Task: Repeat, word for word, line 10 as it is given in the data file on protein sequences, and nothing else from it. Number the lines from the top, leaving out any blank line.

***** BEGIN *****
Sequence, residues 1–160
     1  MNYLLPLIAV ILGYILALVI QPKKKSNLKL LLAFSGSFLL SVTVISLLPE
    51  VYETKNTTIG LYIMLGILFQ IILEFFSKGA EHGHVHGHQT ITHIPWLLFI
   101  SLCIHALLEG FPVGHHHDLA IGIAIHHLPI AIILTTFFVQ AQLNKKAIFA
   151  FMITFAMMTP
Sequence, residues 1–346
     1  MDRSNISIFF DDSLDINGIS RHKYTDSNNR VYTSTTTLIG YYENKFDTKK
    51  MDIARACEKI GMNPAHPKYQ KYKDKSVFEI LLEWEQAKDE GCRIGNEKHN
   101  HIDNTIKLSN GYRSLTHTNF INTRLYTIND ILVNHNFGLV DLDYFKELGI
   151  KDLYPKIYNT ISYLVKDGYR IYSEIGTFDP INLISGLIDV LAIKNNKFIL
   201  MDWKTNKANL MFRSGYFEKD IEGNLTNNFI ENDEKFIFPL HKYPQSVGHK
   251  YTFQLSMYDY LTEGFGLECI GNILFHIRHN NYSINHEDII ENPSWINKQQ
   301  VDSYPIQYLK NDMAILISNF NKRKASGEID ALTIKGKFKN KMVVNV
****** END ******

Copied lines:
   151  KDLYPKIYNT ISYLVKDGYR IYSEIGTFDP INLISGLIDV LAIKNNKFIL